connection SolarAssistant

    remote_username your_user_goes_here

    remote_password your_password_goes_here

    address <-- Put the IP of your solar-assistant here.

    topic # in

    topic solar_assistant/# out    
  mosquitto.conf: >
    persistence true

    persistence_location /mosquitto/data/

    include_dir /mosquitto/config/conf.d

    listener 1883

    password_file /etc/mosquitto/password_file
  password_file: >
    ## Contents Obmitted.

In the above configuration, the secret needed is the solar_assistant.conf file. It contains the configuration needed to broker messages from the solar-assistant mqtt server, to this local mqtt server.

If- you don't know how to configure a password file, please see The Official Documentation

For obvious security purposes, the contents of my file will not be included here.

Next up, you will optionally need persistent storage. If you do not want/need persistent storage, update the mosquitto.conf file above, set persistence false and remove the persistence_location

apiVersion: v1
kind: PersistentVolumeClaim
  name: mqtt-data
  namespace: home-automation
  storageClassName: longhorn
    - ReadWriteOnce
      storage: 2Gi

2G is likely overkill for this need. Adjust as you please.

Finally, here is the stateful set manifest

apiVersion: apps/v1
kind: StatefulSet
    app: mqtt
  name: mqtt
  replicas: 1
  serviceName: mqtt
      app: mqtt
        app: mqtt
        - name: data
            claimName: mqtt-data
        - name: config
            name: mqtt-configs
            defaultMode: 420
        - name: mqtt
          image: eclipse-mosquitto:latest
          - name: data
            mountPath: "/mosquitto/data"
          - name: config
            mountPath: "/mosquitto/config/mosquitto.conf"
            subPath: mosquitto.conf
          - name: config
            mountPath: "/mosquitto/config/conf.d/solar-assistant.conf"
            subPath: solar_assistant.conf
          - name: config
            mountPath: "/etc/mosquitto/password_file"
            subPath: password_file            
          - name: mqtt
            containerPort: 1883
          - name: websocket
            containerPort: 9001

apiVersion: v1
kind: Service
  name: mqtt
    app: mqtt
    - name: mqtt  
      port: 1883         
      protocol: TCP    
      targetPort: mqtt
    - name: websocket  
      port: 9001         
      protocol: TCP    
      targetPort: websocket
  type: LoadBalancer
  loadBalancerIP: ##Set your own exposed IP here. Or, change to nodeport. or- however you wish to expose MQTT.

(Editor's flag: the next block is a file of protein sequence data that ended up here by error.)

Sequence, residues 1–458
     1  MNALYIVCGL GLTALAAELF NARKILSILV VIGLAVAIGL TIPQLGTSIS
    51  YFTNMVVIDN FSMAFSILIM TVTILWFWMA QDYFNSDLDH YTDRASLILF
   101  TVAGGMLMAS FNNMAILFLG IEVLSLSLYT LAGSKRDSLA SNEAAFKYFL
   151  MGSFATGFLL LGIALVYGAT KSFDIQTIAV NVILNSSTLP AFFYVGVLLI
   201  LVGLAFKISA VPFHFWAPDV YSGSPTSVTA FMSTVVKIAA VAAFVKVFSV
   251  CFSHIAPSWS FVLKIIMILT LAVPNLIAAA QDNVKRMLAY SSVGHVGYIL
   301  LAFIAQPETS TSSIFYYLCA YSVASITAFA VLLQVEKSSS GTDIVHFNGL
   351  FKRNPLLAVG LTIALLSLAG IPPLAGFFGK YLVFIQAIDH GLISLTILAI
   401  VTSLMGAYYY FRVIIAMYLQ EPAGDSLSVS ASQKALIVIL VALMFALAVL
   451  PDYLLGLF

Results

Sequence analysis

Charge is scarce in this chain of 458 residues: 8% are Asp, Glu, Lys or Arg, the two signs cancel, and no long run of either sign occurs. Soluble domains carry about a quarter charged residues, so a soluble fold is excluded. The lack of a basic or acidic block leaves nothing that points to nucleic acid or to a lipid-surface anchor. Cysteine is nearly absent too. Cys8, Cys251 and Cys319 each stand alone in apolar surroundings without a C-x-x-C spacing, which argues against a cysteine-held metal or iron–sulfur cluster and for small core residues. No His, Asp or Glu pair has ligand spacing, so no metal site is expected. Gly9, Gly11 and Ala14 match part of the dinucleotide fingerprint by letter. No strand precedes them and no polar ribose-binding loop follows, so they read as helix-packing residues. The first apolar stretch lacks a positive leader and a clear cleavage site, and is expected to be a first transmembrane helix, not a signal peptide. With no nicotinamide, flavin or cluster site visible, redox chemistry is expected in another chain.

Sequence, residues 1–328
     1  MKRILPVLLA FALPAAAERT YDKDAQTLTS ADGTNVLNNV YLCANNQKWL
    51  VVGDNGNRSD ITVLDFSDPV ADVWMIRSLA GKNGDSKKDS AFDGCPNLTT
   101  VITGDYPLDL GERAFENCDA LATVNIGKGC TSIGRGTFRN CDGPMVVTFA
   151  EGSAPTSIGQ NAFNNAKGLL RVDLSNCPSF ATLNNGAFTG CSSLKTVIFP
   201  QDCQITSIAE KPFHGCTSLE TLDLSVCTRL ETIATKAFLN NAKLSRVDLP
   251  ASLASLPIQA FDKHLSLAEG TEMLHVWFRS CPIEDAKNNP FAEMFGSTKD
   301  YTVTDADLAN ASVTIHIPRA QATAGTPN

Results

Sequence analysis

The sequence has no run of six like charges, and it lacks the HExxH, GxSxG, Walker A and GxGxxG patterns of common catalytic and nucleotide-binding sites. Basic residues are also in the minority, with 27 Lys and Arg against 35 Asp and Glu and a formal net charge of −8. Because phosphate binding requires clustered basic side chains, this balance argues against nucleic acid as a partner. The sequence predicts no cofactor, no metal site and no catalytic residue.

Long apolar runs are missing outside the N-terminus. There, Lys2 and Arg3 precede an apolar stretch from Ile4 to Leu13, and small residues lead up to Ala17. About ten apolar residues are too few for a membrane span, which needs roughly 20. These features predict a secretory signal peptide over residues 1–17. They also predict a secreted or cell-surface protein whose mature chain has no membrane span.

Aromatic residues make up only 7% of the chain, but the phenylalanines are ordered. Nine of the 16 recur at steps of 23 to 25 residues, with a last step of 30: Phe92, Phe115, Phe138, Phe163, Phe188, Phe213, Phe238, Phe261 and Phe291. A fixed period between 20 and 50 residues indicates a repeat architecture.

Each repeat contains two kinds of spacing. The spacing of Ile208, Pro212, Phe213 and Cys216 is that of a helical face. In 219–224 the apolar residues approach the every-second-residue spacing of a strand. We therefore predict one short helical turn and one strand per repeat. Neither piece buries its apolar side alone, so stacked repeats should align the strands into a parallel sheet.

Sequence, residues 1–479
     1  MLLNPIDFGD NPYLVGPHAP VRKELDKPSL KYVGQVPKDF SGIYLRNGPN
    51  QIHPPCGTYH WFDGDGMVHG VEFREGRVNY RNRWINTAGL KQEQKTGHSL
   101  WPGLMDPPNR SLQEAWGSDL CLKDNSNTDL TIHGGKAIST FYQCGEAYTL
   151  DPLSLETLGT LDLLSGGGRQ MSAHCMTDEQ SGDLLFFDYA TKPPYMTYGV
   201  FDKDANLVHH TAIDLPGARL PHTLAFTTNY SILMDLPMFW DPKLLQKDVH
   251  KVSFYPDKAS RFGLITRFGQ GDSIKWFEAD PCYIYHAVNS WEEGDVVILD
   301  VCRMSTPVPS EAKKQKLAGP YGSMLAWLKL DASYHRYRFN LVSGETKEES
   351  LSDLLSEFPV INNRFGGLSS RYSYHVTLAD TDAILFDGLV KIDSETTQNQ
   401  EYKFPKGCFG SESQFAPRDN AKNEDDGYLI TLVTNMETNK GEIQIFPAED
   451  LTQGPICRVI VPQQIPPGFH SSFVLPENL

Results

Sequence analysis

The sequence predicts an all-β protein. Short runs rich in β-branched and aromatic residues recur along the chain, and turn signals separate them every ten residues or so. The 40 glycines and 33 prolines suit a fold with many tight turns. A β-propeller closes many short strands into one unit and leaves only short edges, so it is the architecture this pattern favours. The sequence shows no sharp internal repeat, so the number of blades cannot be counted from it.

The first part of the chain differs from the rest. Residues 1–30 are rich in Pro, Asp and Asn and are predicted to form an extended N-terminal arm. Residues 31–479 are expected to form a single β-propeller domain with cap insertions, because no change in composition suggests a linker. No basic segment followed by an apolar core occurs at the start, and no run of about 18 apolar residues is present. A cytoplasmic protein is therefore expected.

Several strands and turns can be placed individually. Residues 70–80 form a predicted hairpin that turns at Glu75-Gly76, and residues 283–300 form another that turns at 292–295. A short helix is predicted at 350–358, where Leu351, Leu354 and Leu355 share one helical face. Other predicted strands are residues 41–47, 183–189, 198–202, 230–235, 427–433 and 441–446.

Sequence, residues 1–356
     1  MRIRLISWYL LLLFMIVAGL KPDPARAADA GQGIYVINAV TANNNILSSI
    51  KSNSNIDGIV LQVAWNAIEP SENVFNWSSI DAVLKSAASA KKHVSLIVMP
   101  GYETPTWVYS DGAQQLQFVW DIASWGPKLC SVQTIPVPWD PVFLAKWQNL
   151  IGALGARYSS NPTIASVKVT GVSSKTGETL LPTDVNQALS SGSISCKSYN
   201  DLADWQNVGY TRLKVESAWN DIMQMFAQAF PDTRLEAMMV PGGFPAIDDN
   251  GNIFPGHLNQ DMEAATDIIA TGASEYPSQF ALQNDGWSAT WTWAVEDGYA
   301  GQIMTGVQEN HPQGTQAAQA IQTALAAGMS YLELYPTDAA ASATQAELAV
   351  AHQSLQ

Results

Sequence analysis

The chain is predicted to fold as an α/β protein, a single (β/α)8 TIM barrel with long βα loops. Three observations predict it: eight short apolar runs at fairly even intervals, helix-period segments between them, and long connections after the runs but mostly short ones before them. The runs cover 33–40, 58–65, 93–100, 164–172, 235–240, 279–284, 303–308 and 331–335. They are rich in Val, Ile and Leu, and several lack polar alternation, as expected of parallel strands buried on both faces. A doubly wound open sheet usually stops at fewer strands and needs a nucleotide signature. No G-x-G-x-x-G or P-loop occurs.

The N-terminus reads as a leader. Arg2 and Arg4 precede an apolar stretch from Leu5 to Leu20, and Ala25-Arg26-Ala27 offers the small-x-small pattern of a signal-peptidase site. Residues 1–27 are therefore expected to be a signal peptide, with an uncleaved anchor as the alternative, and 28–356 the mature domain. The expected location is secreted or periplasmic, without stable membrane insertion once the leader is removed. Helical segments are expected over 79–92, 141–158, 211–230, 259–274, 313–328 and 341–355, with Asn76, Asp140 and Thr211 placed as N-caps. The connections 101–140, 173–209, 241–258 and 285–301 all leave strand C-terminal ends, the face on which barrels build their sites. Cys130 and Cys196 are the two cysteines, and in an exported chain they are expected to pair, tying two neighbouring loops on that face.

At this point, you should have all of the pieces required to configure this within Kubernetes.

To note- this was not intended to be the end-all guide on how to configure MQTT in kubernetes. Just- enough information for you to update your MQTT instance to work.

Step 3. Update Home-Assistant MQTT Integration

From home-assistant, goto settings -> integrations.

Assuming, you already have a MQTT integration configured, click on your existing integration and click configure.

Then, at the top, click RE-CONFIGURE MQTT.

Click Next.

Make sure the checkbox to Enable Discovery is checked. Submit the changes, if any.

Step 4. Wait, and Confirm

Wait a bit, and home-assistant should automatically discover all of the sensors, switches, etc from solar-assistant.

Configure Energy Dashboard

For this piece, I followed the Directions from Solar-Assistant

After following the directions, you should end up with something like this:

Now- before you get excited to go and see your fancy energy dashboard.... You need to wait. It will take an hour or two before home-assistant starts displaying data on its energy dashboard.

While you are waiting, feel free to build out a few real-time dashboards.

In the above dashboard, you can see the energy dashboard panels still shows no data at all. (Even an hour later!)

On the bottom, I setup two sections. "Fast" metrics, and "Slow" metrics.

The kWh metrics are pretty slow to update. Since, the energy usage dashboards are also pretty slow to update, this is not an issue.

The "fast" metrics, have update intervals in the seconds. If you wish to build a real-time dashboard, use these!

After, waiting an hour or two- you should be presented with a working energy dashboard.

Working Energy Dashboard

Here is a screenshot of solar-assistant's home page